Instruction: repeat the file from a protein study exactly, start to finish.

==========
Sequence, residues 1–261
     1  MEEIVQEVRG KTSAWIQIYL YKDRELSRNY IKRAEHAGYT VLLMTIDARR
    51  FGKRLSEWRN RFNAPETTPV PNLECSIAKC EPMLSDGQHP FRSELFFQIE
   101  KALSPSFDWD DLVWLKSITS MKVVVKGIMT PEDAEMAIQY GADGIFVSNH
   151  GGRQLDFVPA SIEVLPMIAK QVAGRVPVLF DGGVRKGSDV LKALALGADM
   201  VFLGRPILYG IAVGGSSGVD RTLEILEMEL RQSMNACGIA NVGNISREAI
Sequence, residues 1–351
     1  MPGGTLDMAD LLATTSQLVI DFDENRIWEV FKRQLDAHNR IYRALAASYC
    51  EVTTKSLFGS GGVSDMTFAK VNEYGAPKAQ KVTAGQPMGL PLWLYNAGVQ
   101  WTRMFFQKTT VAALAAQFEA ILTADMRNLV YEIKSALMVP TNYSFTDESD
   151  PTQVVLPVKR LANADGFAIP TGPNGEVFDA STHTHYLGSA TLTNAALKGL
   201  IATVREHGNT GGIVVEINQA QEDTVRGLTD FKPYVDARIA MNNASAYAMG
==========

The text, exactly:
Sequence, residues 1–261
     1  MEEIVQEVRG KTSAWIQIYL YKDRELSRNY IKRAEHAGYT VLLMTIDARR
    51  FGKRLSEWRN RFNAPETTPV PNLECSIAKC EPMLSDGQHP FRSELFFQIE
   101  KALSPSFDWD DLVWLKSITS MKVVVKGIMT PEDAEMAIQY GADGIFVSNH
   151  GGRQLDFVPA SIEVLPMIAK QVAGRVPVLF DGGVRKGSDV LKALALGADM
   201  VFLGRPILYG IAVGGSSGVD RTLEILEMEL RQSMNACGIA NVGNISREAI
Sequence, residues 1–351
     1  MPGGTLDMAD LLATTSQLVI DFDENRIWEV FKRQLDAHNR IYRALAASYC
    51  EVTTKSLFGS GGVSDMTFAK VNEYGAPKAQ KVTAGQPMGL PLWLYNAGVQ
   101  WTRMFFQKTT VAALAAQFEA ILTADMRNLV YEIKSALMVP TNYSFTDESD
   151  PTQVVLPVKR LANADGFAIP TGPNGEVFDA STHTHYLGSA TLTNAALKGL
   201  IATVREHGNT GGIVVEINQA QEDTVRGLTD FKPYVDARIA MNNASAYAMG